Munther Omar Saleh, 21, of Queens, and Fareed Mumuni, 22, of Staten Island, were charged with “conspiring and attempting to provide material support” to ISIS and with assaulting and conspiring to assault federal officers, the US Attorney’s Office for the Eastern District of New York said in a statement.
Mumuni also was charged with “attempted murder of federal officers.” That charge resulted from an incident in which Mumuni repeatedly stabbed an FBI agent as law enforcement officials carried out a search warrant at his home about two years ago, officials said.
Saleh, a US citizen and a former aeronautics student, faces up to 53 years in prison. Mumuni’s immigration status is not clear; he faces up to 85 years in prison.
Both men are scheduled to be sentenced May 16.
“Today’s guilty pleas show just how close the threat of homegrown terrorism exists for New York City,” William F. Sweeney, Jr., assistant director-in-charge of the FBI’s New York field office, said in a statement.
“From their respective homes in Queens and Staten Island, Saleh and Mumuni conspired to place a pressure cooker bomb in the New York metro area on behalf of ISIL,” he said, using another term for ISIS.
“Mumuni even attacked an FBI agent when a court-authorized search was being conducted by the Joint Terrorism Task Force at his home in Staten Island. Threats like this are exactly why protecting the United States from a terrorist attack remains the FBI’s No. 1 priority.”
FBI agent attacked
Saleh and another individual were taken into custody on June 13, 2015 in Queens after they charged at a federal officer who was performing physical surveillance of Saleh, according to Friday’s statement.
Both men were armed with knives, the statement said.
“During his arrest, Mumuni stabbed an FBI agent numerous times, but thankfully the agent’s body armor protected him from the defendant’s attack and the defendant was safely apprehended by law enforcement,” acting Assistant Attorney General for National Security Mary B. McCord said Friday.
During a search of the vehicle used by Mumuni, investigators recovered a second large knife, the statement said. After his arrest, Mumuni admitted that he kept a knife wrapped in a T-shirt in his bed to use in any confrontation with law enforcement officers.
Mumuni also said an ISIS fighter had sanctioned his planned suicide attack on law enforcement officials following him, according to the statement.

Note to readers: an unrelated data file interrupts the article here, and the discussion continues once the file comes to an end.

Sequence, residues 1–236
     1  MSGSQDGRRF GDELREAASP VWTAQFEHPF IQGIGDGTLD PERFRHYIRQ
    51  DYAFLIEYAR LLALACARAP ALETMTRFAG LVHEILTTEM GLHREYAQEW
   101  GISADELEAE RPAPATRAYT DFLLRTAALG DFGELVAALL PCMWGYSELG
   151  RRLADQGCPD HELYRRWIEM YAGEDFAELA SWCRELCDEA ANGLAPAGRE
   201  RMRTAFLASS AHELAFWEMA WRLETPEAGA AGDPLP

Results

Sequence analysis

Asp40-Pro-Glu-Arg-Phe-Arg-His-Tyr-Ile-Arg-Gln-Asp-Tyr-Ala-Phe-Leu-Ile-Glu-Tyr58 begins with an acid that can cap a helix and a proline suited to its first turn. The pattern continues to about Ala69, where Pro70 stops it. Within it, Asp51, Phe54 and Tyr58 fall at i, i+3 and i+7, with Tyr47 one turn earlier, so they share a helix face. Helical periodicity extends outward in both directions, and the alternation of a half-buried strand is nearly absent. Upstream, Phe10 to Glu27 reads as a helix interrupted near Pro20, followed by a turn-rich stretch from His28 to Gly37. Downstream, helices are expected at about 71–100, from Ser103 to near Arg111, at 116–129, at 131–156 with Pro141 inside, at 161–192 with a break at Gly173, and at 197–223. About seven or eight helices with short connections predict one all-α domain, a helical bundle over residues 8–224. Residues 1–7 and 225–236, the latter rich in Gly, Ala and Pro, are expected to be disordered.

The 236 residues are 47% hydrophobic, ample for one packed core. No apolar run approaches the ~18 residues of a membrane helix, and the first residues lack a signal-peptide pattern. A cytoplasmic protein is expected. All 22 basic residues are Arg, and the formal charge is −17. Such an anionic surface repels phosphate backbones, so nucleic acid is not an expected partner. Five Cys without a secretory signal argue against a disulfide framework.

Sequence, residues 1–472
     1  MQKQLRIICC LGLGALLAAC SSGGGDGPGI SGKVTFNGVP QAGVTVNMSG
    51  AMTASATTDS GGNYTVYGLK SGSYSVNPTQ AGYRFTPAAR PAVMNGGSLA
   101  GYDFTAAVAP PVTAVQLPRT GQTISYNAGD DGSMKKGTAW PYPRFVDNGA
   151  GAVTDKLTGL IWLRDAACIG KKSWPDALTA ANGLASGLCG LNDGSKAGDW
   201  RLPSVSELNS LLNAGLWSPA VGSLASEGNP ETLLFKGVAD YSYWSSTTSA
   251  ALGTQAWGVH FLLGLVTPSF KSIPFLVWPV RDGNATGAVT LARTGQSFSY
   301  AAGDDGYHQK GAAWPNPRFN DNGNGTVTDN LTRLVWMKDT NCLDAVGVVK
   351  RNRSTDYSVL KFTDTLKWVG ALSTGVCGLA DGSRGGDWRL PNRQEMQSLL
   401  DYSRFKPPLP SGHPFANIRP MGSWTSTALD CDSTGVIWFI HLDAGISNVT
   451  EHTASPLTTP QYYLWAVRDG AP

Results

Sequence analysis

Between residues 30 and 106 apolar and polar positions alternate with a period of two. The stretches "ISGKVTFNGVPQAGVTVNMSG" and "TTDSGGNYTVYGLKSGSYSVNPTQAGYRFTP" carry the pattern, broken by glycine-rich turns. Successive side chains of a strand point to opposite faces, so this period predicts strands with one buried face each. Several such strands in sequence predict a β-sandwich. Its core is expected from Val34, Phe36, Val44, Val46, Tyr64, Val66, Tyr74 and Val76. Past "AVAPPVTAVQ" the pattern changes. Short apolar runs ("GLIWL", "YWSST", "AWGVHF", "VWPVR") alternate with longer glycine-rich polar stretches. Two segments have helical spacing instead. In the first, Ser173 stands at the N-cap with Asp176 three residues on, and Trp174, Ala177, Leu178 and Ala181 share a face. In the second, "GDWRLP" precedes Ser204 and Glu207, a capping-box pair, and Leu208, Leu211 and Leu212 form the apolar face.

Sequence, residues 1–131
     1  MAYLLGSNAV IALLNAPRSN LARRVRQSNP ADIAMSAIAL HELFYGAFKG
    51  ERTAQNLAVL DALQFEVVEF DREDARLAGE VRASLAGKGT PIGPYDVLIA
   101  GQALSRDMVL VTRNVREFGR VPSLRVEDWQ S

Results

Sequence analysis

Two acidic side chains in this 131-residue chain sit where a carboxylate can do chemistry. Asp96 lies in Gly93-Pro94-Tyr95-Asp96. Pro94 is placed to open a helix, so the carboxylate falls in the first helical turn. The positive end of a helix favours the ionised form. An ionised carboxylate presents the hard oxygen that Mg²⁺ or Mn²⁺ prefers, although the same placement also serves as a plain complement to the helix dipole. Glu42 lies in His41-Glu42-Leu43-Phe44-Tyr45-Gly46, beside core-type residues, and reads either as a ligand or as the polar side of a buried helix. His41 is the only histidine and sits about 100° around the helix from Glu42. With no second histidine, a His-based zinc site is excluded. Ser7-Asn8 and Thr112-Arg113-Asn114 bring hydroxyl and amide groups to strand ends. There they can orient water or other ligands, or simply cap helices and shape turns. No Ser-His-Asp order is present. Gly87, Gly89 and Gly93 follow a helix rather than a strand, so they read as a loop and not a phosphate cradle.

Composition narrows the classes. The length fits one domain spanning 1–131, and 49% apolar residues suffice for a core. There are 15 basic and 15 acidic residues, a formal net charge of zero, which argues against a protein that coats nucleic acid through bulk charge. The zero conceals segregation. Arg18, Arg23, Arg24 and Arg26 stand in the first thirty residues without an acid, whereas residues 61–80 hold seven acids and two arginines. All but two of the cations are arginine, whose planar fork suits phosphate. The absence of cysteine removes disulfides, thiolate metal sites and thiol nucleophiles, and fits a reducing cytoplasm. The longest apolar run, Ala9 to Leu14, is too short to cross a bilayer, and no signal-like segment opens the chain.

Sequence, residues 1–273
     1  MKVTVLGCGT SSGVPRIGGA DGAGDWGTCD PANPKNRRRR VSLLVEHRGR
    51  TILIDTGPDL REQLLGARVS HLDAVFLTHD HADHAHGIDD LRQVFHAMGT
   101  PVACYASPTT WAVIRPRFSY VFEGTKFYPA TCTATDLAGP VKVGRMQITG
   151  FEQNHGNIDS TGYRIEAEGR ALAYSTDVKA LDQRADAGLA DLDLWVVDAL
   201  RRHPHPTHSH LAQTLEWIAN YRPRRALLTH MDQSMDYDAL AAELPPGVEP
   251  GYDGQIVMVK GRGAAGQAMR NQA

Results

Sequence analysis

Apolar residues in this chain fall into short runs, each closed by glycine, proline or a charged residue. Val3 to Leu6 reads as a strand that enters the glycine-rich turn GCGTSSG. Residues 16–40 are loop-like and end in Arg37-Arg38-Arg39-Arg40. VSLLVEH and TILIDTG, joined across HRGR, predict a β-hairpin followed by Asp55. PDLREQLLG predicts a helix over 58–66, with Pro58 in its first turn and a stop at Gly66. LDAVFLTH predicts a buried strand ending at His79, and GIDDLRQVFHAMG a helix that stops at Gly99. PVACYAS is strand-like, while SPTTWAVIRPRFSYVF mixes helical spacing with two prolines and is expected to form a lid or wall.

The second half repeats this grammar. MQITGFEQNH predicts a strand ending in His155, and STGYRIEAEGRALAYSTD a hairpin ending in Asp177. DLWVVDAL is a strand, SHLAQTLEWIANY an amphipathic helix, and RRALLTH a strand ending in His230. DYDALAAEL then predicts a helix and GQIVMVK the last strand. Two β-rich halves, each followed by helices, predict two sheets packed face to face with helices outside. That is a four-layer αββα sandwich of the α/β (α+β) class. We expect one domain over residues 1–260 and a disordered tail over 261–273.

Instructions from ISIS in Syria
“Saleh and Mumuni engaged in plotting attacks against New York City in the name of ISIL,” New York Police Commissioner James P. O’Neill said. “They received instructions from senior ISIL leaders in Syria. They were committed to violence.”
Electronic surveillance revealed that Saleh had emailed himself information about the construction of pressure cooker bombs and that he had also conducted Internet searches of notable New York landmarks and tourist attractions, according to a federal complaint.
Saleh and Mumuni werearrested in 2015, a year that saw a record 54 arrests in ISIS-linked cases in the United States. By contrast, there were 14 arrests in such cases last year and 13 in 2014.
“ISIS’ extreme brutality, their battlefield setbacks, vigorous US law enforcement efforts, and the sharp and consistent criticism of ISIS by the vast majority of American Muslims has significantly dented ISIS’ support in the United States,” said CNN Terrorism Analyst Paul Cruickshank.
Saleh, Mumuni and others also helped plan a New Jersey man’s trip to ISIS-controlled territory, the statement said.
Saleh personally accompanied that man, Nader Saadeh, to John F. Kennedy International Airport, where Saadeh began his trip with a flight bound for Jordan, according to Friday’s statement. Saadeh was arrested and later pleaded guilty to conspiring to provide material support to ISIS.
“In the name of ISIL’s false and hateful ideology, these defendants attacked the law enforcement officers who work tirelessly to preserve the safety of our communities,” said Robert L. Capers, United States Attorney for the Eastern District of New York.
“These convictions will help incapacitate these defendants and send a strong message to those who would follow in their footsteps.”
CNN’s Laura Ly and Shimon Prokupecz contributed to this report.